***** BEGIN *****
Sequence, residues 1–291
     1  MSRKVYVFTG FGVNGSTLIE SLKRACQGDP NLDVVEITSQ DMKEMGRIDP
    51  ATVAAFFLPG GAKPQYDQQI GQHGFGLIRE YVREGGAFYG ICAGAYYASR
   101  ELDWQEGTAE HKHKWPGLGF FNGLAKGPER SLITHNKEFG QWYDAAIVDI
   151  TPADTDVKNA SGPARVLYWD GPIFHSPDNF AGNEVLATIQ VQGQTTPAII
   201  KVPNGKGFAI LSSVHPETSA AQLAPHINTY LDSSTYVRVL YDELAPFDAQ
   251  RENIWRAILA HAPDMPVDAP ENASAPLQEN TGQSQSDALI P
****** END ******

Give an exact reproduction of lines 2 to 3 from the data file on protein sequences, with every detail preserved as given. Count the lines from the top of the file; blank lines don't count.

     1  MSRKVYVFTG FGVNGSTLIE SLKRACQGDP NLDVVEITSQ DMKEMGRIDP
    51  ATVAAFFLPG GAKPQYDQQI GQHGFGLIRE YVREGGAFYG ICAGAYYASR